Include Residents in the Process How disappointing to discover that meetings regarding upcoming CalTrans work in South Laguna were not (until now) publicly held. I hope that the city will not make this mistake when it comes to recruiting a new city manager. An open recruitment process will boost confidence and trust in our local government.

Combined, Ken Frank and John Pietig will have served Laguna for 51 years. This powerful
position is pivotal for the city budget, overseeing projects of all types, coordinating with all outside agencies, and working well with staff and council. I encourage residents to get involved in this next chapter of a city manager and start generating ideas of the type of person we would like to see as our next city manager. The position requires strong leadership and management skills to navigate the often politically charged decisions that inevitably arise.

Laguna has a great climate, attractive compensation and beneCits like Fridays off. For a city its size, this job will be a compelling opportunity, likely generating inquiries from some of the best-run cities in the country. I hope that the council will take its time, include residents and choose carefully.

MJ Abraham
Founder lagunabeachchat.com
Laguna Beach Resident

Fiscal Prudence Makes Surprise Visit to LB City Hall-Part 1

During the City Council meeting on February 28, 2017, Laguna Beach resident Emil Monda spoke during the public communications period. During public communications anyone can speak on a topic of their choice for 3 minutes. Mr. Monda brought up a concern that had been circulating among residents since it had become known that the City had an “Essential Employee Housing Assistance Program” (EEHAP) and that the program had no official guidelines. Mr. Monda admonished the Council to review the program and “develop a detailed written policy…to clarify eligible positions, what the program offers to the employee and the responsibility of the employee who makes use of the program”. He voiced the concerns that many residents had that the City was offering to enter into 50/50 ownership arrangements with certain senior staff members under the idea that certain “essential” employees needed to live in Laguna Beach so as to be most effective in their jobs. In addition to becoming joint-owners on the properties, the City would also become the mortgage provider for the employee’s share of the purchase.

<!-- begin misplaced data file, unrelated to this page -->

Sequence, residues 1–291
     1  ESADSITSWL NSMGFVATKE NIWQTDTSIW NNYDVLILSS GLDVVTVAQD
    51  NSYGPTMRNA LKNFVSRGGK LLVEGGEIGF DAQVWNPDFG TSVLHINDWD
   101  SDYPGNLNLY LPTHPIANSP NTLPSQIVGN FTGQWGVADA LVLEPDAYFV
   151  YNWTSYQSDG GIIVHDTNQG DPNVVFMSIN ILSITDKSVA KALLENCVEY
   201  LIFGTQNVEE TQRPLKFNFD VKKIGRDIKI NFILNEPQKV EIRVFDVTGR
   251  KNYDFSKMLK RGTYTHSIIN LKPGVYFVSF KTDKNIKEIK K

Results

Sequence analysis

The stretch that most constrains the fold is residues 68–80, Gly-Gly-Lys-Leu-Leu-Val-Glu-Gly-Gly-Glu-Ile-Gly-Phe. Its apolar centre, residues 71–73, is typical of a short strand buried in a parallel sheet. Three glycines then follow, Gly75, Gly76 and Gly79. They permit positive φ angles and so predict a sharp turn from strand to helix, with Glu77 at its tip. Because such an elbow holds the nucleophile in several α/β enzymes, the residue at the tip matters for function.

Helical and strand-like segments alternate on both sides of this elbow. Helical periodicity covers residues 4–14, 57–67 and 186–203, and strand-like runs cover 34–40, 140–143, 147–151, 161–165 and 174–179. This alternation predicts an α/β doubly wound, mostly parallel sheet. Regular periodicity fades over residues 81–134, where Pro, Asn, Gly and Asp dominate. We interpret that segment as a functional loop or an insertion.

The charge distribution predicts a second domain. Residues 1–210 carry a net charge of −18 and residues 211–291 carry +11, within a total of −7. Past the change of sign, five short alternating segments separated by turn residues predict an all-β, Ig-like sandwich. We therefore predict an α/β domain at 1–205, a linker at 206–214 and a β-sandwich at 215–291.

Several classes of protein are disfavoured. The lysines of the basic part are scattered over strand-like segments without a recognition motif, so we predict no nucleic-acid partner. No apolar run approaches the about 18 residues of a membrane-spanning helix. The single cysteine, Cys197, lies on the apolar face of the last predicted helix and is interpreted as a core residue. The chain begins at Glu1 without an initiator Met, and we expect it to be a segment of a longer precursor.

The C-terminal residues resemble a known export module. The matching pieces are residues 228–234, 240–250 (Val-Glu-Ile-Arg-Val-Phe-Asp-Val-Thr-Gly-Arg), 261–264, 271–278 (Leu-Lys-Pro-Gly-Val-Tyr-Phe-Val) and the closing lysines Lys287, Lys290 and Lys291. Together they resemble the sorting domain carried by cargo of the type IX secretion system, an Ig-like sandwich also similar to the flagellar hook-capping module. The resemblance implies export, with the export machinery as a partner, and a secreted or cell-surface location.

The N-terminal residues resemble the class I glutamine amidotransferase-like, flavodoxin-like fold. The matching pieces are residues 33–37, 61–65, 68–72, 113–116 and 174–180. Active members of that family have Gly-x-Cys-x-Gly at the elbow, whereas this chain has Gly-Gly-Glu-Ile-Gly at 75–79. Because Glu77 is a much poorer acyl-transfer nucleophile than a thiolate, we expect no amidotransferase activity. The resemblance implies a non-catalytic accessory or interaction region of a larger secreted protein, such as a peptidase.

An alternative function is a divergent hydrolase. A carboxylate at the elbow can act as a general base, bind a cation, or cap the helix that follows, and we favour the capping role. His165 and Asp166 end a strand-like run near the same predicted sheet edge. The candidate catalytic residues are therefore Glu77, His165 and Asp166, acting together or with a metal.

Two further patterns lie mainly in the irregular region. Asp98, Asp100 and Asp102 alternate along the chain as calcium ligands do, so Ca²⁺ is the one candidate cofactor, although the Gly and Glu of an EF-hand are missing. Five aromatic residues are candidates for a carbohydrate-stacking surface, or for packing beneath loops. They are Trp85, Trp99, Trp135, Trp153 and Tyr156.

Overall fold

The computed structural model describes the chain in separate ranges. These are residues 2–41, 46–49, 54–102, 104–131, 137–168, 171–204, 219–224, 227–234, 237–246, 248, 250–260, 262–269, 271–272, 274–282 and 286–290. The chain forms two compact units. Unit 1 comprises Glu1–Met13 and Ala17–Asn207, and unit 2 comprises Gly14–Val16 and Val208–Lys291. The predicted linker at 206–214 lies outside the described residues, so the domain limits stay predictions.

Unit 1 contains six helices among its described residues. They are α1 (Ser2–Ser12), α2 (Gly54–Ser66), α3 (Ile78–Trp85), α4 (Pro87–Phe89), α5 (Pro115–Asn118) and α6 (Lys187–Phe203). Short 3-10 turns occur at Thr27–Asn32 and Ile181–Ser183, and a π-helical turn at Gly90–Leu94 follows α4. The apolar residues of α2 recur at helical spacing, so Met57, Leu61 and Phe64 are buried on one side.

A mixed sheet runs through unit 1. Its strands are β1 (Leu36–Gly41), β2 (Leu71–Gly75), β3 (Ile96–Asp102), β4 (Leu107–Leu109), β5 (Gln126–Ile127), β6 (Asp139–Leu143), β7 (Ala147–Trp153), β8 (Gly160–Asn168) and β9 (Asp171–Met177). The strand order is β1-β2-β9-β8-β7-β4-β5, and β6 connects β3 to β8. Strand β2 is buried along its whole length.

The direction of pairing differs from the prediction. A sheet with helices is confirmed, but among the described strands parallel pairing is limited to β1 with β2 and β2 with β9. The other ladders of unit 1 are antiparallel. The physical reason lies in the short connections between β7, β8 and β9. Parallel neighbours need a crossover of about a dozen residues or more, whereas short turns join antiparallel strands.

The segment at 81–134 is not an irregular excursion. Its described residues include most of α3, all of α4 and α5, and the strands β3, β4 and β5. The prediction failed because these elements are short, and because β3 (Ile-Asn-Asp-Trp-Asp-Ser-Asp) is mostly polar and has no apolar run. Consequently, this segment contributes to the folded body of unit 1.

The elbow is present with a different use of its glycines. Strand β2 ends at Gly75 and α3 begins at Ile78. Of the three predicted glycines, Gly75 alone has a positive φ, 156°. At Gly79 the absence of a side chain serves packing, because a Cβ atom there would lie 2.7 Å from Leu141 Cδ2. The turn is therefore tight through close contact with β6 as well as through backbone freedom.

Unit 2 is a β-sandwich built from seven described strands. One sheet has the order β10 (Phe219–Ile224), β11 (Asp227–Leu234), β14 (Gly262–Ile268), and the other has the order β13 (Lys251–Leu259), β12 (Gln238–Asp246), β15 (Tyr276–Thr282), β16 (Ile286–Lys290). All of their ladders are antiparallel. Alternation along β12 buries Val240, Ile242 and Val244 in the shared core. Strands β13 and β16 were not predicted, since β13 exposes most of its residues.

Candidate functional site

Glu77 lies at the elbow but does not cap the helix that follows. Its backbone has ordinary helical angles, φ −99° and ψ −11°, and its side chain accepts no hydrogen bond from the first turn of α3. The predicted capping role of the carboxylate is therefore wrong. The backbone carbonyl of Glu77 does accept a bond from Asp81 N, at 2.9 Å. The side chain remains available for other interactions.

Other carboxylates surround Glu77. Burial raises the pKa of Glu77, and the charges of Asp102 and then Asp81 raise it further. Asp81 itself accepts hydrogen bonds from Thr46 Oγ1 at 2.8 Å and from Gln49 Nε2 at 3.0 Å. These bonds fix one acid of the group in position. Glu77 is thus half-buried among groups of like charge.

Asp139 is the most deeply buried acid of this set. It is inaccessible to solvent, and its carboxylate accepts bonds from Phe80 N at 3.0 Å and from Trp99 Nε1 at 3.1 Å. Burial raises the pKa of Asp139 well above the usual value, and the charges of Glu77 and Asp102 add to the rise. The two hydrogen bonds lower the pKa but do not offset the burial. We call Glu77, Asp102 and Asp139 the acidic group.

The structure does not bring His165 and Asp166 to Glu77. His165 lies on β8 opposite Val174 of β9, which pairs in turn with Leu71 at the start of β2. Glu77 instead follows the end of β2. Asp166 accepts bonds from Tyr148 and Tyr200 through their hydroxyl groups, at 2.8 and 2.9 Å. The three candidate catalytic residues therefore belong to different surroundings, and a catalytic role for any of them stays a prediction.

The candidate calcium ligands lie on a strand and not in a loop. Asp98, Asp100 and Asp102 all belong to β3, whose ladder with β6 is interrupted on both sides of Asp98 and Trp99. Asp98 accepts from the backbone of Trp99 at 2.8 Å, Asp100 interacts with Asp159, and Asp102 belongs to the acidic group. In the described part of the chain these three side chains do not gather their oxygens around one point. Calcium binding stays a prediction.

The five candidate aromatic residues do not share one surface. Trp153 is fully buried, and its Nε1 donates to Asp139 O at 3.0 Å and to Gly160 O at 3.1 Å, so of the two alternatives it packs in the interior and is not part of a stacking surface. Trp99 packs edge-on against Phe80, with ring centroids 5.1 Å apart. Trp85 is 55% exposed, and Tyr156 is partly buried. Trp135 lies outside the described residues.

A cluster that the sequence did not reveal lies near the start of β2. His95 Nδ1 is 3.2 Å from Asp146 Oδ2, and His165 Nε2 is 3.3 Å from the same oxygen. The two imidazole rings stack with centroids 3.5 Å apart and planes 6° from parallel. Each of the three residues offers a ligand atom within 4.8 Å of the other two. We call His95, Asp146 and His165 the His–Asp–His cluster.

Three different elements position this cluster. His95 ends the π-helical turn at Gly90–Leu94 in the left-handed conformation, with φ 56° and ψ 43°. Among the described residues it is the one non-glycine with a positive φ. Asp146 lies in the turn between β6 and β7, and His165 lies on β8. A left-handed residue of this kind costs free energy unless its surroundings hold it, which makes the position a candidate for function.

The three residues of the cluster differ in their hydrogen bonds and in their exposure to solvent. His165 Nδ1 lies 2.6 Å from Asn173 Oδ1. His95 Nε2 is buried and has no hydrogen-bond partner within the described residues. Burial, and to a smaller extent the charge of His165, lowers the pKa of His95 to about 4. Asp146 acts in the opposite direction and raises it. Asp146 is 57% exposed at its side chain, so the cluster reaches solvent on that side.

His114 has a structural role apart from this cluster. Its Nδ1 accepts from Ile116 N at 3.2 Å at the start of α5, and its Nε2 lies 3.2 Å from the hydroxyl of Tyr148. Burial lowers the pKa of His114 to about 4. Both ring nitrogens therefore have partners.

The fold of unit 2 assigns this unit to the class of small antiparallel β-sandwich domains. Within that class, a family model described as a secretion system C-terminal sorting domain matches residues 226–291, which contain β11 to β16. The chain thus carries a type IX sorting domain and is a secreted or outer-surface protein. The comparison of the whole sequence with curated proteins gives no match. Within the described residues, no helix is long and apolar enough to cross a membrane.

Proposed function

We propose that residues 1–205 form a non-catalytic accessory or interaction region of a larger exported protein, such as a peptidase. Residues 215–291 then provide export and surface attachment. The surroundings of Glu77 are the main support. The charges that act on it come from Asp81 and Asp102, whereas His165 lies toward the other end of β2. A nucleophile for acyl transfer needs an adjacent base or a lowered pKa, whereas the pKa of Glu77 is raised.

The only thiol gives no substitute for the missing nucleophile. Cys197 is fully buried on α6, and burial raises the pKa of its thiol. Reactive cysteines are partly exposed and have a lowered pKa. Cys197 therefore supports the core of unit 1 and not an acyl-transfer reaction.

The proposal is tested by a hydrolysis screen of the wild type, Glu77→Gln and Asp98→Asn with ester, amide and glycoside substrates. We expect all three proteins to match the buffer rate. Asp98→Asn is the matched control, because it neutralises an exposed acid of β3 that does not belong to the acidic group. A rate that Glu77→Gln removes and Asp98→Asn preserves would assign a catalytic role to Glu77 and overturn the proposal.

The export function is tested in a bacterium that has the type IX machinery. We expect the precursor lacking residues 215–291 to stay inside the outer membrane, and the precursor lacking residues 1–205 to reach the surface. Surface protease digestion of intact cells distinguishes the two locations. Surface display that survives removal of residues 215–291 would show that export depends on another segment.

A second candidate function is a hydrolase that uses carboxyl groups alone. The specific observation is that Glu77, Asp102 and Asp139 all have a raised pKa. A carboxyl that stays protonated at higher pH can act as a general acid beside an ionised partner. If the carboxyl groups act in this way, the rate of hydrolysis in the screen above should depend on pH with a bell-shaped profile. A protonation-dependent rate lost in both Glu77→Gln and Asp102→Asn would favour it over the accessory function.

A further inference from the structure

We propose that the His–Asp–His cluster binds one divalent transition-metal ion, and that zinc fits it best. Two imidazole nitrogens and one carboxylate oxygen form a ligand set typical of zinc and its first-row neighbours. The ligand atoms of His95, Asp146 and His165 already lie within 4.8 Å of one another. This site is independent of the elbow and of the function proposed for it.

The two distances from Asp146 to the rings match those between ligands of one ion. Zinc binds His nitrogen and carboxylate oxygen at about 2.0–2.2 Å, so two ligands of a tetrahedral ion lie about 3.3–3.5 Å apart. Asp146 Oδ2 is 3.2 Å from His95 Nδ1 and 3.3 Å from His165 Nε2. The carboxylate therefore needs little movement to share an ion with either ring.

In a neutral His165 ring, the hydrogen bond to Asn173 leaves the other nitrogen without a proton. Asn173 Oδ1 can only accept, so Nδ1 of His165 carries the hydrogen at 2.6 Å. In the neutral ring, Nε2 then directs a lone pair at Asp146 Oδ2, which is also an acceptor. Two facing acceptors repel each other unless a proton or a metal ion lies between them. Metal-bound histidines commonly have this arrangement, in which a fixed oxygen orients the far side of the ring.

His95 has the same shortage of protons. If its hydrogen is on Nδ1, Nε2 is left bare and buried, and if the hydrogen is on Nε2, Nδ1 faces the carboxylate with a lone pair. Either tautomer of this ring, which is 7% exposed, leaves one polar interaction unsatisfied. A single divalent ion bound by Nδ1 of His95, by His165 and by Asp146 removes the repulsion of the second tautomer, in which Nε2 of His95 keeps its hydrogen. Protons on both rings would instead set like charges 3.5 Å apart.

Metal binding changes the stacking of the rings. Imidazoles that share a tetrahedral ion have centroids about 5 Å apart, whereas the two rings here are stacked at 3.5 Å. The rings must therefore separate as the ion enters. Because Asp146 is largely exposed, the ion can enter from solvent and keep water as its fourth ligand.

A Bit of Background and Some Maths

The EEHAP program was started in April 2000 when the then city council (motion by Dicterow, seconded by Iseman and supported by all others: Blackburn, Peterson, Freeman) approved the program which was intended to encourage employees having “essential emergency response duties and/or department heads essential to the efficient operation of the City to live in the City and be available to quickly respond to emergencies and other exigent conditions”. Back then, the median Laguna Beach house cost $625,000 and the informal program (recall, it was never formalized) was targeted at positions such as: City Manger, Assistant City Manager, Fire Chief, Fire Division Chief, Sewerage Supervisor, etc. During the ensueing 17 years, only 6 City essential employees have taken advantage of the program they are with the year they entered the program: